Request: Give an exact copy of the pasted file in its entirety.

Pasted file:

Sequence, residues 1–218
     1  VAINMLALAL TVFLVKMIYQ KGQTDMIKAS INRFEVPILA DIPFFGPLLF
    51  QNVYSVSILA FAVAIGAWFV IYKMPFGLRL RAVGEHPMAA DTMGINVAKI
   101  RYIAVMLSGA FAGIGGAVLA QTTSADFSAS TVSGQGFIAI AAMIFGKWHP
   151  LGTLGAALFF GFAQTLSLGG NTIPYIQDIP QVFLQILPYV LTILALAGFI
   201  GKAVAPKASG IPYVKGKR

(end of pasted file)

Sequence, residues 1–218
     1  VAINMLALAL TVFLVKMIYQ KGQTDMIKAS INRFEVPILA DIPFFGPLLF
    51  QNVYSVSILA FAVAIGAWFV IYKMPFGLRL RAVGEHPMAA DTMGINVAKI
   101  RYIAVMLSGA FAGIGGAVLA QTTSADFSAS TVSGQGFIAI AAMIFGKWHP
   151  LGTLGAALFF GFAQTLSLGG NTIPYIQDIP QVFLQILPYV LTILALAGFI
   201  GKAVAPKASG IPYVKGKR